Local institutions to replace international rivals wary of long-term loans
Qatari banks are poised to play a greater role in financing domestic projects as a result of international banks becoming more wary of providing long-term loans following the financial crisis.
Senior banking figures in Qatar say they expect to play a greater role in financing projects in the future.
“Many international banks have withdrawn from project finance because of problems from the global financial crisis,” says George Nasra, managing director of International Bank of Qatar (IBQ). “Qatari banks now will play a more prominent role.”
Salah Jaidah, chief executive officer of Qatar Islamic Bank (QIB), agrees and says there is also likely to be a rise in the use of Islamic bonds (sukuk).
“We expect about 30 per cent of project financing to be allocated to sharia-compliant structures, through sukuk or Islamic loans, so there is definitely a role for QIB in that,” he says.
However, while Qatari banks are expected to deploy more resources to financing projects in the country, there will still be a need for international banks to play a major role.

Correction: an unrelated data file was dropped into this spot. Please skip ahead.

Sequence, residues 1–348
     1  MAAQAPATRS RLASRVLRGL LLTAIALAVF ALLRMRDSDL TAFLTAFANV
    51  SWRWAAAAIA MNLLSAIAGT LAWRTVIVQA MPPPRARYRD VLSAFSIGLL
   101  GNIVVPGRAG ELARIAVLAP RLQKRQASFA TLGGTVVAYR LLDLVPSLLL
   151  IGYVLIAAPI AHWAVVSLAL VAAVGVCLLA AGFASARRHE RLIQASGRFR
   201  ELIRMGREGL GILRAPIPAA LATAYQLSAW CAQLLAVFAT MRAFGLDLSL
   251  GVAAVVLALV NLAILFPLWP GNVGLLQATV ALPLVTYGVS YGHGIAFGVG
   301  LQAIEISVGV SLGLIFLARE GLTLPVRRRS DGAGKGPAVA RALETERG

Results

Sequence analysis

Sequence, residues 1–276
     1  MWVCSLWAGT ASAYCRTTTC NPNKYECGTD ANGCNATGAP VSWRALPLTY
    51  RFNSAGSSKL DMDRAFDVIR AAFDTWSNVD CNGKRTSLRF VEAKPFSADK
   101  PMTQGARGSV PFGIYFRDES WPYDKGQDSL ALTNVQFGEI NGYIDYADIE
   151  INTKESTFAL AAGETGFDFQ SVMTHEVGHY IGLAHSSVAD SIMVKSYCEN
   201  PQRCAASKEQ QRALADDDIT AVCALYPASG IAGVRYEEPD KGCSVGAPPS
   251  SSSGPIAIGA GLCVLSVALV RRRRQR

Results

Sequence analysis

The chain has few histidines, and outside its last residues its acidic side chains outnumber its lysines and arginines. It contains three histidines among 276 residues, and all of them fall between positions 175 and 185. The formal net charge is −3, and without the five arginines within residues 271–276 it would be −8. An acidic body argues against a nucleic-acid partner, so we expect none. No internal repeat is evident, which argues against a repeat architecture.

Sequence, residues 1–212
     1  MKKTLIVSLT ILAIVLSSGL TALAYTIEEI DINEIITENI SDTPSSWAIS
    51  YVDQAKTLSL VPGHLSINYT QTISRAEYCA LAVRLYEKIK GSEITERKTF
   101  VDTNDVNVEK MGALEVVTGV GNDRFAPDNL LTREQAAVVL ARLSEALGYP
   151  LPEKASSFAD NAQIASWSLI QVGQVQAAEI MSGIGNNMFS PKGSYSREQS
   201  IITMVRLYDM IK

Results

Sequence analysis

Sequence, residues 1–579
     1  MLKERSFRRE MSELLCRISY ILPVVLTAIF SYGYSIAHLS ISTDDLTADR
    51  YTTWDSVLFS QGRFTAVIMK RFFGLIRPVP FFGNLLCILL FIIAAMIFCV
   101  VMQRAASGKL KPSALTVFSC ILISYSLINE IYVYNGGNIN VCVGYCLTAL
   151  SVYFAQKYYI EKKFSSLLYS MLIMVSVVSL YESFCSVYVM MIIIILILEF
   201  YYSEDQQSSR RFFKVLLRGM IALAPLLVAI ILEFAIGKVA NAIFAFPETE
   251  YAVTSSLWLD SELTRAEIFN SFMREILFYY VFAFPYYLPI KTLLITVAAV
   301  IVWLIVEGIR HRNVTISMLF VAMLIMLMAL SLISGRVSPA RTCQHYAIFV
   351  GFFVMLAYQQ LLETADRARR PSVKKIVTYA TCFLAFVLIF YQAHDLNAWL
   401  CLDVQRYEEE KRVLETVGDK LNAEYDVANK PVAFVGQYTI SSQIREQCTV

“The financial services sector in Qatar is not big enough to finance all the projects that are planned, so the door needs to be open to international banks,” said Khaled Yousef Alderbesti, director at the Business & Trade Ministry, at MEED’s Qatar Projects 2010 conference in Doha on 26 January.
The next Qatari project to seek commercial funding is expected to be the Barzan project, which will supply gas to the domestic market. The Royal Bank of Scotland is currently working on structuring the deal.
In total, Barzan could require up to $8bn to develop, spread across several phases.
The last Qatar project to reach financial close was the $4bn Ras Laffan C power and water scheme, which was completed in August 2008. The banking group for that project only included two Qatari banks, Qatar National Bank and QIB.